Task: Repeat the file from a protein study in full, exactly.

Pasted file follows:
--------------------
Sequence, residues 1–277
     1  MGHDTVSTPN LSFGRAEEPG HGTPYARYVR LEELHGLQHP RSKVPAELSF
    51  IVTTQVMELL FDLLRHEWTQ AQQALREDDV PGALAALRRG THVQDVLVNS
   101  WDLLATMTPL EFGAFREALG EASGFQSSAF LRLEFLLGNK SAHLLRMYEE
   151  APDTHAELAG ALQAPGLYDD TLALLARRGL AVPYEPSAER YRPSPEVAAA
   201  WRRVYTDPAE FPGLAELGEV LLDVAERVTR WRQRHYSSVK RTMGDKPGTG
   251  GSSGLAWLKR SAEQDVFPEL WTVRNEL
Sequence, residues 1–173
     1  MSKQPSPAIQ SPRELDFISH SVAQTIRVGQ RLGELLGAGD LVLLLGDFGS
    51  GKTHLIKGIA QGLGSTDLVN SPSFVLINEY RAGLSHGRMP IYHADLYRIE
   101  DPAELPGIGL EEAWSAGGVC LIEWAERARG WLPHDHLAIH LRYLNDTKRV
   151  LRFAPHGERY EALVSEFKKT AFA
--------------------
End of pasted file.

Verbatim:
Sequence, residues 1–277
     1  MGHDTVSTPN LSFGRAEEPG HGTPYARYVR LEELHGLQHP RSKVPAELSF
    51  IVTTQVMELL FDLLRHEWTQ AQQALREDDV PGALAALRRG THVQDVLVNS
   101  WDLLATMTPL EFGAFREALG EASGFQSSAF LRLEFLLGNK SAHLLRMYEE
   151  APDTHAELAG ALQAPGLYDD TLALLARRGL AVPYEPSAER YRPSPEVAAA
   201  WRRVYTDPAE FPGLAELGEV LLDVAERVTR WRQRHYSSVK RTMGDKPGTG
   251  GSSGLAWLKR SAEQDVFPEL WTVRNEL
Sequence, residues 1–173
     1  MSKQPSPAIQ SPRELDFISH SVAQTIRVGQ RLGELLGAGD LVLLLGDFGS
    51  GKTHLIKGIA QGLGSTDLVN SPSFVLINEY RAGLSHGRMP IYHADLYRIE
   101  DPAELPGIGL EEAWSAGGVC LIEWAERARG WLPHDHLAIH LRYLNDTKRV
   151  LRFAPHGERY EALVSEFKKT AFA